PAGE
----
By Alwyn Poole
More hard evidence that we are failing our youth – very badly indeed.
With absolutely no fanfare the Ministry of Education has recently released the statistics for 2018 school leavers who have attained our highest school qualification – University Entrance. This is the best check of the effectiveness and fairness (equity) of our 13 year Primary-Secondary system.
University Entrance is the game-changer for young people through providing access to tertiary study and massively increasing the range of choices they have from just having Level 3 NCEA (or lower). Current studies also show that those with a complete tertiary qualification can expect to earn $1.4 million dollars more over an earning lifetime than those without that level of qualification (with exceptions both ways of course).
Why the lack of fanfare? Easy! Because the results show that in terms of effectiveness and equity our system is a DISASTER. Bad and getting worse.
For students from Asian families, 65.4% left school with UE (67.4 in 2017)
For students from European families 43.9% left school with UE (44.7 in 2017)
For students from Pasifika families, 21.9% left school with UE (22.4 in 2017)
For students from Maori families, 18.6% left school with UE (18.6 in 2017)
Fees free means almost zero to our Maori and Pasifika students/families as so few get a ticket to ride the tertiary bus.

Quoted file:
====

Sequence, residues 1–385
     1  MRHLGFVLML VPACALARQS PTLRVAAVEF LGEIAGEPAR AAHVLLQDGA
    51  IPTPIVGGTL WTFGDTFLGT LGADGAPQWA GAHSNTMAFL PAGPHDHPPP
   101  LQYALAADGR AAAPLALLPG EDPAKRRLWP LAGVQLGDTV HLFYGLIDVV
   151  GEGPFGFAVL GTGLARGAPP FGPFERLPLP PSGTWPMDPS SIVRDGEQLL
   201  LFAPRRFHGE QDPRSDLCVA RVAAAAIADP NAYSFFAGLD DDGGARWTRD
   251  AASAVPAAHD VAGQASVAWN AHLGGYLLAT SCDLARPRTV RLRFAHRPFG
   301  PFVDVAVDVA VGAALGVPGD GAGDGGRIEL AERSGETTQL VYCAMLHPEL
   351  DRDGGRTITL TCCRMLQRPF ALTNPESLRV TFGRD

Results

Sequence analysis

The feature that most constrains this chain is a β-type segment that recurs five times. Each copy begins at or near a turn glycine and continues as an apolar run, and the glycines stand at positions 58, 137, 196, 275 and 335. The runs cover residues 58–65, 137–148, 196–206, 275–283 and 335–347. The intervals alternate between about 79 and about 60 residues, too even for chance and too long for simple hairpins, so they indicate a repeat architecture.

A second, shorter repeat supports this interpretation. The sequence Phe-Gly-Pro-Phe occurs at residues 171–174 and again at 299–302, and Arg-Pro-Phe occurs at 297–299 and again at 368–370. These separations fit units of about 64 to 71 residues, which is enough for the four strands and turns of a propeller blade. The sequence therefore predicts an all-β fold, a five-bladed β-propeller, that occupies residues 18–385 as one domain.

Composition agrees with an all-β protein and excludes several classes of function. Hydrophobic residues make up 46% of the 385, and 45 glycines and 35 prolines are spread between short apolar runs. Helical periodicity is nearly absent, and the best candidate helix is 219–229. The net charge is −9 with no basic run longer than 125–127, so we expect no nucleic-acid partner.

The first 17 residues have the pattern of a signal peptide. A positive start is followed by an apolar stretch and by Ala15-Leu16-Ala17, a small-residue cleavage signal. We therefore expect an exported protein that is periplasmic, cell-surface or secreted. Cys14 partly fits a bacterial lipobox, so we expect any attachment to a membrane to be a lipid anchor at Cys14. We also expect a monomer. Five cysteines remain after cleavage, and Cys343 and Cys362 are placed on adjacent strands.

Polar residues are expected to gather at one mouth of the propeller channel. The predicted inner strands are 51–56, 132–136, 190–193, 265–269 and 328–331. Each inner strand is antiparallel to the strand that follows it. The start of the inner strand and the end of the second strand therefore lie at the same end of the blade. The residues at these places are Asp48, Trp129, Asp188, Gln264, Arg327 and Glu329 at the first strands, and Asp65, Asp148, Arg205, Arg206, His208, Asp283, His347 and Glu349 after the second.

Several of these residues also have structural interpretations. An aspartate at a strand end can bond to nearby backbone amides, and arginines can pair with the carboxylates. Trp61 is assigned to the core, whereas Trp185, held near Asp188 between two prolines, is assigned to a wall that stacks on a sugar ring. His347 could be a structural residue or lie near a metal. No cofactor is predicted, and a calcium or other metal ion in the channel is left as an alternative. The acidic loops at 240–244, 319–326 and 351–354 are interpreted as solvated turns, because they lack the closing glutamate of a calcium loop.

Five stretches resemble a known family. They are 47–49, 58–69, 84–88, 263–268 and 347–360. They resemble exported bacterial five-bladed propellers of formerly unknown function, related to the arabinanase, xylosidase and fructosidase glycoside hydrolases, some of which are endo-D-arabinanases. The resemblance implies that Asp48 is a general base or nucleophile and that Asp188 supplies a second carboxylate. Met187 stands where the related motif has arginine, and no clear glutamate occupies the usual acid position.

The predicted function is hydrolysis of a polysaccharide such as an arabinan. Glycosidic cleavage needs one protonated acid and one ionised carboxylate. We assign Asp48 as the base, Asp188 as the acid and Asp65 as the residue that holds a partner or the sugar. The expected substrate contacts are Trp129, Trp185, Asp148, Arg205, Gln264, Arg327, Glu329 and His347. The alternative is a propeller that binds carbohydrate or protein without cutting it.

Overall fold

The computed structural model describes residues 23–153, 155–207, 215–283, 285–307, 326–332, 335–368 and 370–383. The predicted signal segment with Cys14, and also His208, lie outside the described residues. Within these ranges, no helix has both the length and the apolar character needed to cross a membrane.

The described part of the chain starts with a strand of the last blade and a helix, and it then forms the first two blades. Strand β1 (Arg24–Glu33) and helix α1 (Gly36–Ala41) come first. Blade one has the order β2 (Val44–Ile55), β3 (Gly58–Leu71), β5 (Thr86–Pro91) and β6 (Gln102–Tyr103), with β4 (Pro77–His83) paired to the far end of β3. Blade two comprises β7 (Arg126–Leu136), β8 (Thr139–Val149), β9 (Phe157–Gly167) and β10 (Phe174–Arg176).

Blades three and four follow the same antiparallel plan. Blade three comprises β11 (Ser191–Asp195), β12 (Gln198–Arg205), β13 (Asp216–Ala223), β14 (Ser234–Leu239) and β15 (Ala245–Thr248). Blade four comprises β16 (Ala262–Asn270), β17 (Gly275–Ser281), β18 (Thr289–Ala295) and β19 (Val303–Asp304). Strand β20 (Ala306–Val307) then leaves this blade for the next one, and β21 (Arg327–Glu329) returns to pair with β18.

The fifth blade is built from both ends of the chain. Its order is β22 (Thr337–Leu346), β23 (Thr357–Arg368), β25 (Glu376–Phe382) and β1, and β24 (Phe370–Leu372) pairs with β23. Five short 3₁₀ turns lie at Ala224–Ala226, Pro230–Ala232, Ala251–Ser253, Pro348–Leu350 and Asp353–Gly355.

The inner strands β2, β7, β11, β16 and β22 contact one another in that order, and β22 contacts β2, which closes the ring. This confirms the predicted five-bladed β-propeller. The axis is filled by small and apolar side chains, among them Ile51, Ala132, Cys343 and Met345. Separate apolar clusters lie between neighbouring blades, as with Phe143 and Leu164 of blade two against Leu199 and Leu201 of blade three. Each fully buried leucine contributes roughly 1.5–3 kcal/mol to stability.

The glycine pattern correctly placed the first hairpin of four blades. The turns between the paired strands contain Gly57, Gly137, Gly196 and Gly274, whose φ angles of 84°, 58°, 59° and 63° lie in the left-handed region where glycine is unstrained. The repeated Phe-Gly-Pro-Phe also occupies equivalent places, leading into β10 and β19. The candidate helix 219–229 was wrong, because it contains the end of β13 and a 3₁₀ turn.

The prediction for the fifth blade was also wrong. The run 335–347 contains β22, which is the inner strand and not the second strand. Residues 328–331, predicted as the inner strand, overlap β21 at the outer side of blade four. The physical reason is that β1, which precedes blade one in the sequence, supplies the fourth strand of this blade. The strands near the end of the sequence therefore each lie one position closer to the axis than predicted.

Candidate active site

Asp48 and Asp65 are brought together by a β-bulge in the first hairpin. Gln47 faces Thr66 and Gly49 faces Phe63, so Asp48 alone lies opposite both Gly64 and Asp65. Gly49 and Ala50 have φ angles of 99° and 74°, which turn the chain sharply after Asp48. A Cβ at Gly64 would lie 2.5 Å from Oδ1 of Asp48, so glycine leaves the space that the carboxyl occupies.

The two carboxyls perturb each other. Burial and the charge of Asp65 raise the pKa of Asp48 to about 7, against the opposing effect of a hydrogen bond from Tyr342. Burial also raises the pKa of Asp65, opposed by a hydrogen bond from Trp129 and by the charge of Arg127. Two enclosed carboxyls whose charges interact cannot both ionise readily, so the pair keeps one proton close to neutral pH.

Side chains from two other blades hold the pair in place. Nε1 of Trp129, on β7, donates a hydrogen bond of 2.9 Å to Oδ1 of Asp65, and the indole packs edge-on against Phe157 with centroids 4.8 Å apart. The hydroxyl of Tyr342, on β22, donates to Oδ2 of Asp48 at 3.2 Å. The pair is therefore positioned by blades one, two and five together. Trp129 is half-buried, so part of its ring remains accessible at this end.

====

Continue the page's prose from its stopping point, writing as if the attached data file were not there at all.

While we also wonder why a higher proportion of young NZ men seem pathless than young women – Female school leavers achieved UE at 45.7% in 2018 and Males at 33.3%.
The Ministry’s only “explanation” for the worsening stats (and they say nothing about the gaps), is that maybe a few students are leaving earlier to get a job.
Education is unlike wealth – most people do not correct earlier failings and accumulate more over time. New Zealand’s young people need the whole of our society to be urgent about this. And yet very little, or nothing is being done, and virtually no one has taken notice that we pushed a whole lot more children off the cliff and into adult life with an inadequate education and very few choices for their “future of work” (which the trendies are currently spouting on about).
There needs to be outcry and protest – a plan – and immediate action. Probably too late for the 2019 cohort (especially with the union disruptions during the year). Urgency and change for decile 1 – 3 schools should be a HUGE 2020 priority … but we will probably be waiting for a further working group report during that time, or worse, an election campaign.